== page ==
Chapter_One&Two_416 - Introducing Employee Benefits&...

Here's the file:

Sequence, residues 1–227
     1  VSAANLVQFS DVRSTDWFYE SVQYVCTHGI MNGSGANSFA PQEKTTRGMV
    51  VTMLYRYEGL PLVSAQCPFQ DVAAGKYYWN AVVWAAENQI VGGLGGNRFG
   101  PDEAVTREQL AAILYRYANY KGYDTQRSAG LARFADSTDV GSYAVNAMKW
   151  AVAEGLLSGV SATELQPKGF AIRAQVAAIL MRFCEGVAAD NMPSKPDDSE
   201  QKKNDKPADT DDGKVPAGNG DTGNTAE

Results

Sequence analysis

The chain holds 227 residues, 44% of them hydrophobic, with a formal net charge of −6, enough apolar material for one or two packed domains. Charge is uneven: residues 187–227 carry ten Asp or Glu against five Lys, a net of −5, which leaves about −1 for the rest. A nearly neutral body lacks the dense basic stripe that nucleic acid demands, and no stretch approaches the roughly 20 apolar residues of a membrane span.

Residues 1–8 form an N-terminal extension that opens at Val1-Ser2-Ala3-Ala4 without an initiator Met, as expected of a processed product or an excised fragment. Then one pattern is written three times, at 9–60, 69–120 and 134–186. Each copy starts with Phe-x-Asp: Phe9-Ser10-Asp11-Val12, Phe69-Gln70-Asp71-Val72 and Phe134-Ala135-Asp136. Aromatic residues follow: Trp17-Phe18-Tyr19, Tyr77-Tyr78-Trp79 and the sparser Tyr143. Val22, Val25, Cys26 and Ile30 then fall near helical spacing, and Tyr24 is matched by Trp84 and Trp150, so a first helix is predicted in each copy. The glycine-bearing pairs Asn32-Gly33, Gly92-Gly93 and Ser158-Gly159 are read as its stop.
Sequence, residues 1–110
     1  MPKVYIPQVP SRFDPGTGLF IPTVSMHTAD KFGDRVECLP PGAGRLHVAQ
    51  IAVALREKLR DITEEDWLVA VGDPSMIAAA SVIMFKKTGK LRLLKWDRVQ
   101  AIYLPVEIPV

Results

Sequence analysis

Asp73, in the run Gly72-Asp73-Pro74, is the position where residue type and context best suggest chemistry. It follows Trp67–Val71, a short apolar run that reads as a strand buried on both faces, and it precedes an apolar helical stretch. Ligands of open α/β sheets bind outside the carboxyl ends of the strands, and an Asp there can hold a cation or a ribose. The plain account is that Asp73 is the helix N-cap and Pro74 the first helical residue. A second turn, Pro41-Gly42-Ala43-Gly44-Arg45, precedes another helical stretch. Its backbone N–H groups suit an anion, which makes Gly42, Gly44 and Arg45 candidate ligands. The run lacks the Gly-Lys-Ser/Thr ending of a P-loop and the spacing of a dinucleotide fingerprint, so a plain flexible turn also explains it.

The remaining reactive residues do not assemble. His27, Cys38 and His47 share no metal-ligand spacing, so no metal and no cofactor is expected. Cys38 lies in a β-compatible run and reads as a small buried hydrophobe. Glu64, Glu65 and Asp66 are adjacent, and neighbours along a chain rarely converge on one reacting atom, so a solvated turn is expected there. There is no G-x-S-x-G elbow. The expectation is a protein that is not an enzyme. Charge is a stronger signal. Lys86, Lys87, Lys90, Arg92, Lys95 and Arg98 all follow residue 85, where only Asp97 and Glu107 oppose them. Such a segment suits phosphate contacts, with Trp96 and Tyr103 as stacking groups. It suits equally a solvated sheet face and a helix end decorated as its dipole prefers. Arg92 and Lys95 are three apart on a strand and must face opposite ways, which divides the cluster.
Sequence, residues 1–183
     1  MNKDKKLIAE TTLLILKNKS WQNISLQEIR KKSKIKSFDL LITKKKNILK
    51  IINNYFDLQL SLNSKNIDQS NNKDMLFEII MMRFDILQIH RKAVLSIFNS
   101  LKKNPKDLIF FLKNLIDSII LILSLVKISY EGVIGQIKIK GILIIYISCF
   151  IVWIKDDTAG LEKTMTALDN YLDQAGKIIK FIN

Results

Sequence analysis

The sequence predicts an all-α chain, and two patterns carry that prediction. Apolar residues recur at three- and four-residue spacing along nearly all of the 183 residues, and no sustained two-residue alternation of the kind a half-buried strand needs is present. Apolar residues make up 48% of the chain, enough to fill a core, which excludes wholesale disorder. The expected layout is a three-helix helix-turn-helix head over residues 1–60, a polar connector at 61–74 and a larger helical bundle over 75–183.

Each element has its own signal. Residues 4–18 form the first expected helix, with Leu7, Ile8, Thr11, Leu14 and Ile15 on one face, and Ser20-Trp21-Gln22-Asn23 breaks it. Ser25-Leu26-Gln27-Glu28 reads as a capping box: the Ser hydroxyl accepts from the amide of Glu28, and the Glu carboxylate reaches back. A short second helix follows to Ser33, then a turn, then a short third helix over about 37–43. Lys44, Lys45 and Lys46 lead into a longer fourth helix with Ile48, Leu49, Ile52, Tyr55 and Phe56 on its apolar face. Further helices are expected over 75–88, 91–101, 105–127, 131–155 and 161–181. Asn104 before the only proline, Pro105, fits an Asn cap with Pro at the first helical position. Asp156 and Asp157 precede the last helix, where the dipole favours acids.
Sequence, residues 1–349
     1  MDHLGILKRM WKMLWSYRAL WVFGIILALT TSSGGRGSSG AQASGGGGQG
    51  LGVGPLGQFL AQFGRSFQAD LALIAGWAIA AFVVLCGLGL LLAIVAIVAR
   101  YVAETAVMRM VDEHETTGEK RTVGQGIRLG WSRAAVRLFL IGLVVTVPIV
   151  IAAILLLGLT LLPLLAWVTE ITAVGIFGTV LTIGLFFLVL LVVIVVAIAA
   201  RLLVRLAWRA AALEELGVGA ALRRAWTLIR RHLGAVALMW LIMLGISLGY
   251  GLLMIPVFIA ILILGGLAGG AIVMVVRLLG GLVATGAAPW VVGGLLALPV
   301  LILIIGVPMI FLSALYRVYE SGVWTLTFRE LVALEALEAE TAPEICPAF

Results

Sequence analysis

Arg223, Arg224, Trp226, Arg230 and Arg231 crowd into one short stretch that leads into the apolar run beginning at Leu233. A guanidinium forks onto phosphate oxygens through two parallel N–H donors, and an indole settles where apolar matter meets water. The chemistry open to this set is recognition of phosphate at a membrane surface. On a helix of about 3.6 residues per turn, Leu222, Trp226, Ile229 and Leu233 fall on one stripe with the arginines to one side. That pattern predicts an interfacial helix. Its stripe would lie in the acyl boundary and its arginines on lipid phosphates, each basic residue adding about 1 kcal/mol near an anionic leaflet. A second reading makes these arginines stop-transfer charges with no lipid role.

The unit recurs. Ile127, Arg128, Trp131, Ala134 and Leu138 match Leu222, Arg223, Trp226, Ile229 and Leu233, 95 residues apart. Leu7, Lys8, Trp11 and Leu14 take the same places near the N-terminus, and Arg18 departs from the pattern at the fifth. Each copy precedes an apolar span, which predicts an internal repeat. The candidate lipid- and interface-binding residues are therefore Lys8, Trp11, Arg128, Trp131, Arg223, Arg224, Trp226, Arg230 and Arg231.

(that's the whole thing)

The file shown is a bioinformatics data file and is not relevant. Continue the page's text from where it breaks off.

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Unformatted text preview: Introducing Employee Benefits & Benefit Economics Overview Legally required and discretionary benefits Regulatory and economic influences on benefits Origins of employee benefits Economics of employee benefits Fundamental Roles Protection Programs Paid Time-of Accommodation & Enhancement Information Resources Society for Human Resource Management International Foundation of Employee Benefit Plans World at Work Employee Benefit Research Institute Background of Employee Benefits Legally required benefits provided a form of social insurance that was unknown to workers Industrialization during late 19th and early 20th century and Great Depression led to design of initial social insurance programs, aimed at: Preventing destitution of unemployed or injured Stabilizing well-being of dependents Enabling retirees to maintain subsistence income National Labor Relations Act legitimized collective bargaining for benefits Growth in benefit plans exploded during World War II Benefits Required by Law Social Security Act State Workers’ Compensation Laws Pregnancy Discrimination Act and Family and Medical Leave Act Social Security Act Original Programs [1935] Retirement System Unemployment insurance administered by the federal and state governments Amendments[1965] Disability Medicare Workers’ Compensation Immediate income and medical benefits for victims Relieve the state of financial support of injured workers and their families Improve workplace safety Reduces employers’ legal expense because injured employees forfeit their right to sue the employer if they accept benefits Pregnancy & Leave Pregnancy Discrimination Act (1978) obligates employers to refrain from discrimination based on pregnancy and, for those who ofer short term disability coverage, to include pregnancy as a disability Family & Medical Leave Act (1993) provides job protection to employees in cases of serious medical emergencies afecting families and employees themselves Discretionary (?) Benefits Income protection Present Future Health protection Paid time – of There is no federal “paid holiday law” that makes paid holiday time mandatory for private sector employees. In fact, there is no federal law that requires private-sector employers to give employees any work time of for holidays (with or without pay). If employees are required to work on holidays they are not entitled to overtime (unless they meet the hourly or weekly threshold) Accommodation and Enhancement Income Protection Disability Insurance Life Insurance AD&D Non-employer options to preserve your right to control decisions afecting your care and property when you are unable to do so Retirement Plans Defined benefits plans Defined contribution plans Hybrid plans Non-employer alternatives Health Insurance Fee-for-Service Plans Managed Care Plans Point-of-Service Plans Consumer-Driven Health Care New Healthcare Overhaul law Accommodation Benefits Improve mental & physical wellbeing Provide family assistance Allow flexible work schedules Enhance employees’ human capital Employer’s Incentives Cost Advantage Employee Recruitment Tax Advantages Cost Advantage Health Insurance Cost Employer $1000 Per Employee for a large employer Each Employee To Purchase On Own $2,500 ■The employer is essentially acting as a buying agent for the employee but enjoys discounts the employee would never receive Why Insurance Works ■ As an insured group gets larger, the risk is lowered and the total medical expenses become more predictable ■ High risk patients are balanced out by healthier ones ■ Economies of scale ■ Tends keep employees healthier by ofering afordable and accessible medical care ■ The more people in the group, the more likely that total medical expenses will be close to that predicted by the characteristics of people in the group. Risk Management Individual insurance policies are subject to underwriting and a medical exam Employees have an experience rating related to your health (doctor visits, surgeries, costs) and eligibility may rely upon this rating Insurance companies are risk adverse and want healthy participants to avoid paying claims Recruiting Benefit array can reveal wants or tendencies of applicants Benefits that encourage employees to invest in their human capital attract motivated people and demonstrate a long term view of the employee relationship Adverse consequences are possible Tax Incentives Assuming an employee’s income is taxed at 25% rate, a $1,000 raise only puts $750 in his or her pocket ($250 to the IRS, ignoring state taxes) $1,000 worth of health care coverage is not taxable so the employee receives the whole benefit An employee would have to earn $1,333 to pay for individual coverage...
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